Now that the Sindh government version of the JIT report has been rendered doubtful, it is absolutely imperative that the case may be tried at some forum to skin the genuine from the fabricated and false. It is necessary for a number of reasons, the paramount one being that, for much too long now, facts have been hidden from the people of Pakistan, under one pretext or the other. In the present instance, it appears to be part of the stratagem of a political party to save the much-touted repute and honour of its leaders. The contents of Ali Zaidi’s version of the report establish that these leaders were involved in perpetrating some of the most detestable crimes in league with the likes of Uzair Baloch. If formally acclaimed as a legitimate part of the full report, it would not only diminish their political stature immensely, but would degrade them to the level of ruthless murderers, extortionists and land grabbers. That would be an immeasurable fall for these people whose involvement in multifaceted crime has not really been a secret.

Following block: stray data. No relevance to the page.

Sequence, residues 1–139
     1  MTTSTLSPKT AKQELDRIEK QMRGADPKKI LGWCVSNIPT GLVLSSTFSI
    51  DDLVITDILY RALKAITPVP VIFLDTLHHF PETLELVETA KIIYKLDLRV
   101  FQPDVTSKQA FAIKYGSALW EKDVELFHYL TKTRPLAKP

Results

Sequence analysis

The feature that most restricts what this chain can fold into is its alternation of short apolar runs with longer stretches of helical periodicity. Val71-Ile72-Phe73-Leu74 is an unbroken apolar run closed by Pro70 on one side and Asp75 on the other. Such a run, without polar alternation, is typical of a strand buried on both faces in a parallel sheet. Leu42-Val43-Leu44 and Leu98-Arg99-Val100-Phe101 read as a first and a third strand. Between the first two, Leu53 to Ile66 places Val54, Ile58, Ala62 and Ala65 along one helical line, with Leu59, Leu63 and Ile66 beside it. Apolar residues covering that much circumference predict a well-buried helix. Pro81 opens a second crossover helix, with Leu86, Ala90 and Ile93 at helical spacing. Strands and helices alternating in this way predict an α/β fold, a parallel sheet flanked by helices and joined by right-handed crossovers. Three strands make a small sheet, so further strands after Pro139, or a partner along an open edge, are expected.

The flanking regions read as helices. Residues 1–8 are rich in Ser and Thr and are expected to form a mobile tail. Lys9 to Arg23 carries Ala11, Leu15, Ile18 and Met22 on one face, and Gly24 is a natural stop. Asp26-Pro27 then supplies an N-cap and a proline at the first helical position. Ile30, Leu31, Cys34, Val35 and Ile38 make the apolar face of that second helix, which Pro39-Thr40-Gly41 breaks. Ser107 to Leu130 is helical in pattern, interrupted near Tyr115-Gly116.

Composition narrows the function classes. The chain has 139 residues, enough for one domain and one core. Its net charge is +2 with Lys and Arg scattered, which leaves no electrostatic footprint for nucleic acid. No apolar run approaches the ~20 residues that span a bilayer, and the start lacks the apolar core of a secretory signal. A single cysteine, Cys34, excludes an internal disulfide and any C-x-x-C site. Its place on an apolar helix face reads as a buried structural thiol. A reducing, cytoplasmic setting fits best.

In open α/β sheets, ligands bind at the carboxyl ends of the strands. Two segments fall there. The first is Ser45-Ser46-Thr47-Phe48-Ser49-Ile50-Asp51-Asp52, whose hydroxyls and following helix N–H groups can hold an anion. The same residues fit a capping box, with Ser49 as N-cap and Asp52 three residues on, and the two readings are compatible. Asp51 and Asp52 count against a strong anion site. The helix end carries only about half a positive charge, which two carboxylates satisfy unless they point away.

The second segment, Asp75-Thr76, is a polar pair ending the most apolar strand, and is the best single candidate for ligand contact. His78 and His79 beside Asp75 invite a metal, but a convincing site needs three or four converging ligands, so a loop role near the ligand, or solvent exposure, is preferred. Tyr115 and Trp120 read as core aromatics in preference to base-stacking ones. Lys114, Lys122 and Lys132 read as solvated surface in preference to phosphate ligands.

By opening this can of worms, Ali Zaidi has done a great service to the state. It has been a convenient tradition that all such vile acts are pushed under the rug as part of clandestine deal-making to save the perpetrators. Here is an opportunity for the judiciary to erase some ugly scars from its face and establish the writ of the state by punishing the guilty without exception, as also their partners, aiders and abettors.

They must all be brought to justice. This report provides an occasion to establish the primacy of right over wrong, justice over injustice, accountability over lack of it and truth over falsehood.

Above all else, people must know the real faces of the leaders they vote for.

The writer is a political analyst and the Executive Director of the Regional Peace Institute. He can be reached at: [email protected]; Twitter: @RaoofHasan.